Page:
ASU In the News

An elegant analysis of protein assembly


A Nov. 7 "New and Notable" article by Yves Engelborghs in the Biophysical Journal describes an enthusiastically reviewed study of protein self-assembly by associate professors Marcia Levitus and Rebekka Wachter and coworkers. Both Levitus and Wachter are faculty members in ASU's Department of Chemistry and Biochemistry and Levitus is also part of the Center of Single Molecule Biophysics in ASU's Biodesign Institute.

The analysis of the polymerization of protein subunits is an old challenge that has never lost its importance. In fact this process could be a key to biological control. "Likewise, an increasing number of diseases are related to aberrant protein oligo- and polymerization," described Engelborghs.

“In land plants, Rubisco activase regulates the extent of atmospheric carbon fixation by coordinating the light and dark reactions of photosynthesis. Although protein self-association plays a critical role in this process, the activase assembly mechanism has remained elusive for many years,” explained Wachter.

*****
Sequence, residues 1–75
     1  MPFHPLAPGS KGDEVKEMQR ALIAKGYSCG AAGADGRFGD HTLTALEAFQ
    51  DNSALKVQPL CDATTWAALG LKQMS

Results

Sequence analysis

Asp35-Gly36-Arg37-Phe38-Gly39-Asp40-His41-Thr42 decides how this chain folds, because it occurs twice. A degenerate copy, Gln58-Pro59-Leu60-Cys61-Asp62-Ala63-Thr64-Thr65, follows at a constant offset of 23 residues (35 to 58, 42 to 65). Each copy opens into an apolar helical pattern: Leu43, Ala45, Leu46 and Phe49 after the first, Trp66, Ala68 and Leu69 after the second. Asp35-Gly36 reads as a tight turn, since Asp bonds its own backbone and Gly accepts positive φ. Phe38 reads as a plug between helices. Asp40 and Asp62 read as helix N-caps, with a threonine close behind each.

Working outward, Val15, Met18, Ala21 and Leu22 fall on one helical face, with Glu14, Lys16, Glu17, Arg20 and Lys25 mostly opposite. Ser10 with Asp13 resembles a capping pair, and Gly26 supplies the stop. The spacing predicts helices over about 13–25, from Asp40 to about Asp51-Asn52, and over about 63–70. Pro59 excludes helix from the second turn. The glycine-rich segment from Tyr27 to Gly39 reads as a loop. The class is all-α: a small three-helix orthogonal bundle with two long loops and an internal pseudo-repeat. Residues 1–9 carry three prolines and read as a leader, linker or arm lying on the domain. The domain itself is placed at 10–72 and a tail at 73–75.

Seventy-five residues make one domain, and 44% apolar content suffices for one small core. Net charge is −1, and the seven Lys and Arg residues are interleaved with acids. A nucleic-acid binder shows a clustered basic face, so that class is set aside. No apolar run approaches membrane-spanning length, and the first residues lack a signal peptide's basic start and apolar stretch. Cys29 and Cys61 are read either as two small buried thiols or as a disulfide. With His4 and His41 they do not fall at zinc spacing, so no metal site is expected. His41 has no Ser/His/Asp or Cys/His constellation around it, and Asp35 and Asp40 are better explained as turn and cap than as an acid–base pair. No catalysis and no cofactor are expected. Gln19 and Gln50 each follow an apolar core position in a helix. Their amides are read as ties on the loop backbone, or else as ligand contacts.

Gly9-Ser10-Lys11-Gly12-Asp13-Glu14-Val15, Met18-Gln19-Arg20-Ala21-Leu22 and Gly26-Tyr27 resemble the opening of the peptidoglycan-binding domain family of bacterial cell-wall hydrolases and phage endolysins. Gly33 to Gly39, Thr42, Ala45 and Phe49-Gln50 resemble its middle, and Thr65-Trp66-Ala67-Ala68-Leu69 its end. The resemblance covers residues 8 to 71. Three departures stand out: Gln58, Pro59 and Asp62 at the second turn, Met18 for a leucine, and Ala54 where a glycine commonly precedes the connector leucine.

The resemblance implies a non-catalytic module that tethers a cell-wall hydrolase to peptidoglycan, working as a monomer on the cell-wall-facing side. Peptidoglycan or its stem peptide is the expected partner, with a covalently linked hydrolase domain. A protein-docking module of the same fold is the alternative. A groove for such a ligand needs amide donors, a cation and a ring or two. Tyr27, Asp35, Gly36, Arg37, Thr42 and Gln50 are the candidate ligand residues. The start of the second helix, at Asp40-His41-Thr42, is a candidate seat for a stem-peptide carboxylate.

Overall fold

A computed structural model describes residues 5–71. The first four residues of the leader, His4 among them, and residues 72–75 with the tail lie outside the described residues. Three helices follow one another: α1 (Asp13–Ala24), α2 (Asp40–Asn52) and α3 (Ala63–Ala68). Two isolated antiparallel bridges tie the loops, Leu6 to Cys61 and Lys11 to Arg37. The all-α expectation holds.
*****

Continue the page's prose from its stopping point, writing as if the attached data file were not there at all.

Despite the significance of the problem, the assembly pathway of Rubisco activase has been difficult to track due to the different states of oligomerization of the proteins observed in these preparations. In this work, the authors used fluorescence techniques that rely on the measurement and analysis of very small numbers of molecules. 

"These techniques are convenient ways to study molecular diffusion and oligomerization without physical perturbation of the sample in a wide range of concentrations. Our results show clear evidence of the coexistence of multiple oligomerization states, and allowed us to propose possible mechanisms for the subunit association pathways of Rubisco activase," stated Levitus who is also part of the Center of Single Molecule Biophysics in ASU's Biodesign Institute. "In addition, the methodology that we developed in this work can be broadly used to investigate self-association in other proteins."

Article Source: Biophysical Journal - "New and Notable"
Jenny Green

Clinical associate professor, School of Molecular Sciences

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